Despite the clear rise in both affective and substantive political polarisation, there are arguments to combat political polarisation occurring. Firstly it can be argued that republican moderates are more open to moderation within both congress and the house of representatives, they are more sympathetic and open towards progressive social and moral issues. For example, Maine senator Susan Collins, who is a progressive republican, has supported a large range of LGBT amendments such as the Employment Non-Discrimination Act, which sought to end discrimination based on a person's sexuality or gender. This shows that despite there being a large widespread partisan there are still examples of equality within the US political landscape. Another example of there still being some political figures sitting in the overlapping zones in the middle is Libertarian Democrats; within the economy, it has been known that some Democrats support republican policy on federal spending. A personal example could be the Democrat Senator Ron Wyden. In 2019 Wyden supported and helped fund the Craft Beverage Modernization and Tax Reform Act that imposed a reduction in excise tax: This shows that despite the data outlining the development of this partisan, there are still a number of cases where there have been politicians within the ideological centre. Now, this isn’t the same sort of ideological fence-sitting that Eisenhower used during his term, with his domestic spending bouncing from private companies to state spending whenever he saw fit. Today the centre of this partisan is very empty and most notably the politicians who do have areas in which they agree with the opposing party, only do with certain matters. On the whole, political polarisation is still noticeable with the ideological centre housing almost no members from each party.


The two crucial factors that have developed this increase in political polarisation are most notably, pressure groups and social media. Most powerfully the Black Lives Matter campaign has brought the divide within the political parties. In 2015, at the peak of his presidential campaign, Republican Donald Trump was noted as saying that any NFL player who took the knee during the national anthem should be removed and fired from the league. Furthermore, the social media campaigns that followed the BLM movement helped to develop enough leverage that the political figures within the US had to break the silence. The 2020 presidential campaign was shaped and swayed by the BLM movement. Just before the campaign, the movement launched a #WhatMatters2020 campaign, introduced to mobilise the black vote and draw attention to the injustice. This elevated the number of actual votes compared to the predicted votes, as many black voters who were unaccounted for took a stand and helped push the BLM movement. More controversially, Trump was on record saying, ‘I feel very, very badly….That’s a very shocking sight’, in response to the death of George Floyd, despite it possibly seeming like he meant it, most Americans and almost all activists believed it was just a media stunt to make sure he didn't lose any of the voters he already had. Equally, Biden had a very mainstream and passive response, with many arguing that this was purely to keep the majority of voters on his side. This clearly outlines that the presidential election was chosen to some extent on how each candidate responded to the BLM movement. These different responses of political parties are what create political polarisation; each side becomes more and more detached.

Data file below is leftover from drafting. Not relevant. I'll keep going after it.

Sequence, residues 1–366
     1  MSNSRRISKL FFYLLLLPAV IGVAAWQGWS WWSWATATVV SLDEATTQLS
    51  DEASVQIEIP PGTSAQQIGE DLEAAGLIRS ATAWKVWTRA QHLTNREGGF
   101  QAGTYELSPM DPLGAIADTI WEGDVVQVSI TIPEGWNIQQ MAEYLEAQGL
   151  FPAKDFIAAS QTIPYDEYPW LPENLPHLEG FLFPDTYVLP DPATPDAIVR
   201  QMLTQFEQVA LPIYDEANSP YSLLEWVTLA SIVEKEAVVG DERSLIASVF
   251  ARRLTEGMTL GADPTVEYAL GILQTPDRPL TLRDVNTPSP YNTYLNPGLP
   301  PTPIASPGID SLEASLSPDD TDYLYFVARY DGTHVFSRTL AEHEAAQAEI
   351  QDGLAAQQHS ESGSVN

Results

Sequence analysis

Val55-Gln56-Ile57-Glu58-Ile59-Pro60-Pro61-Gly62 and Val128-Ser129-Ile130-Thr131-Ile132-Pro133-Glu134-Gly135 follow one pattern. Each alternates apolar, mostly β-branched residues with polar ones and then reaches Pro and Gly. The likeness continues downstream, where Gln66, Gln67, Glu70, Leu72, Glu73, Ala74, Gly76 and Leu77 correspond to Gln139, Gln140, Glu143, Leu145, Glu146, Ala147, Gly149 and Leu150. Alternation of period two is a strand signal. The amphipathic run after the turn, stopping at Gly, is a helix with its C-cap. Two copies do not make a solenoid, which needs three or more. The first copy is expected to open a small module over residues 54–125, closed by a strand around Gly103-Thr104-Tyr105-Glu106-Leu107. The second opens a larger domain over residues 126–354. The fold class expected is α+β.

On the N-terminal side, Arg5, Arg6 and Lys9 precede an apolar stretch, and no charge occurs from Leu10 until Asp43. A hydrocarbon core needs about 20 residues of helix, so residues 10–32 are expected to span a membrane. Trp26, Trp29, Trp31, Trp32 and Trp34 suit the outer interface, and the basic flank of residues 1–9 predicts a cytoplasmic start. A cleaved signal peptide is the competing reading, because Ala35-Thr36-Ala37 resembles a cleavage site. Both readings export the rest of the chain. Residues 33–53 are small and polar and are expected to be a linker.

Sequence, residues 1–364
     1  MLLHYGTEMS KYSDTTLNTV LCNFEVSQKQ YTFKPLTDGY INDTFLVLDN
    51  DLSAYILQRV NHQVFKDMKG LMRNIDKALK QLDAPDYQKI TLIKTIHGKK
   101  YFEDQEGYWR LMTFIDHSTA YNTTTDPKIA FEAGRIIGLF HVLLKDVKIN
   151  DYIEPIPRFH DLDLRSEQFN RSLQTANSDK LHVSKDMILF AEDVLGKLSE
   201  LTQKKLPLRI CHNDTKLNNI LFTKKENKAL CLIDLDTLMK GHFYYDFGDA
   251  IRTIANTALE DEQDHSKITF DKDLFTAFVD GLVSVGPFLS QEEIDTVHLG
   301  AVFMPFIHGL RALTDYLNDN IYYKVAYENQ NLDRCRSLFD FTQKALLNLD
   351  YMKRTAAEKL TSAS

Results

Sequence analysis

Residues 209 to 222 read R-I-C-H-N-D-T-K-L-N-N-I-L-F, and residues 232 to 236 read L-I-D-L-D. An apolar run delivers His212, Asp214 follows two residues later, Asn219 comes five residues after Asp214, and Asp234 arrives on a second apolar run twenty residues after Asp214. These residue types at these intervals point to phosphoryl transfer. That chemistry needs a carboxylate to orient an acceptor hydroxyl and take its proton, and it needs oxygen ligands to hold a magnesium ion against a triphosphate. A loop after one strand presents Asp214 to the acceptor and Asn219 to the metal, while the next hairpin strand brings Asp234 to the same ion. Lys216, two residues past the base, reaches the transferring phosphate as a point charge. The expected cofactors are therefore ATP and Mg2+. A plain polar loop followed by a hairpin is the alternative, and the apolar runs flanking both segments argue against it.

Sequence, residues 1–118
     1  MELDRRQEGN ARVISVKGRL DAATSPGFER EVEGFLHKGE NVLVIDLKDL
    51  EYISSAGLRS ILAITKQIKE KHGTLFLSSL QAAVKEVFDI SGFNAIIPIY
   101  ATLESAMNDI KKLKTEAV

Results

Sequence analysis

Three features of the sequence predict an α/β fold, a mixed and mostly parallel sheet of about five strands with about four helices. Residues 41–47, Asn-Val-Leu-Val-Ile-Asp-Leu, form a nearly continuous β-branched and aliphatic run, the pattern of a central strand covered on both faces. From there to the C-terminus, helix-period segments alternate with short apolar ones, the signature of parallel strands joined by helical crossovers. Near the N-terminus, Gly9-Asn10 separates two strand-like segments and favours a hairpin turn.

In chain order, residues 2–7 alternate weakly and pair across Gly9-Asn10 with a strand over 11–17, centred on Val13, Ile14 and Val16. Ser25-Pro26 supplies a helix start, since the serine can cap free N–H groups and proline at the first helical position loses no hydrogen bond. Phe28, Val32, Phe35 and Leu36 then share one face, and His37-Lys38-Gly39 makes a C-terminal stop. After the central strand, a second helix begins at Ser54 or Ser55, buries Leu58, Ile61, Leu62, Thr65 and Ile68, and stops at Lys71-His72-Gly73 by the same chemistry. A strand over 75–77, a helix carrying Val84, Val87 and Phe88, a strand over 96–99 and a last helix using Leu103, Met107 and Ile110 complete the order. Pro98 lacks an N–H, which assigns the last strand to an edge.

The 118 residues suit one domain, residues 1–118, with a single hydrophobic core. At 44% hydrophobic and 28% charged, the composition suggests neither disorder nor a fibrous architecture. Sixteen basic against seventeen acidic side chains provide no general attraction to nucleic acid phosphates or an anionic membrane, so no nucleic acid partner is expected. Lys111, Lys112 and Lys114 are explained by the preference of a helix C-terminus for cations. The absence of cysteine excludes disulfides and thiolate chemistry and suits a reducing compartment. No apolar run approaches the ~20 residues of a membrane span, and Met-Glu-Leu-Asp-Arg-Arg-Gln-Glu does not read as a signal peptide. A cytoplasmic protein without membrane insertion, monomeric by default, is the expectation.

Social media has had the largest and most profound effect on the polarization of the contemporary US political landscape. The importance of social media on the connectivity and spreading of ideas, made easier with the first amendment, cannot be undermined. Previously people with extremely one-sided political views could not reach an audience larger than one that could fit in the local town hall; currently, however, it is safe to assume that within more recent times, left or right-wing extremists are able to push their political views to a wider audience. The speed and ease that comes with social media leads to huge numbers of people being able to view these different opinions, where most of the time they attack the other side to elevate their own standpoint, creating a huge increase in affective polarisation.